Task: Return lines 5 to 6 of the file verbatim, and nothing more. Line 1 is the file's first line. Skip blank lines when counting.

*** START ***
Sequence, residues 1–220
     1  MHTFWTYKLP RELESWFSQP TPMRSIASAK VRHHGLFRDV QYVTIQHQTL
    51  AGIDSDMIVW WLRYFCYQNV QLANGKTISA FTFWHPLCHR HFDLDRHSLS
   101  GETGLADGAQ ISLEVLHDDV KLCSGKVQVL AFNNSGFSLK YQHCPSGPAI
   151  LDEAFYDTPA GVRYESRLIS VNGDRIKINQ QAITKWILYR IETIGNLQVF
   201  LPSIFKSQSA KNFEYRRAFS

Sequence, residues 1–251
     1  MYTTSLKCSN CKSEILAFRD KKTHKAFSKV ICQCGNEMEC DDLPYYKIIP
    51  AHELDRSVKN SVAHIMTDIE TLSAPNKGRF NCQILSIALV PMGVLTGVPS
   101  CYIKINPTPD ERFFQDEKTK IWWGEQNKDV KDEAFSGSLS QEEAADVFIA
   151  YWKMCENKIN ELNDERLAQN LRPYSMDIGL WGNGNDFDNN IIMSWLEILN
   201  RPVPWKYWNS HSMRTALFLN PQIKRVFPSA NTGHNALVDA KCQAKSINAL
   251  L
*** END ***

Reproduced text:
   151  LDEAFYDTPA GVRYESRLIS VNGDRIKINQ QAITKWILYR IETIGNLQVF
   201  LPSIFKSQSA KNFEYRRAFS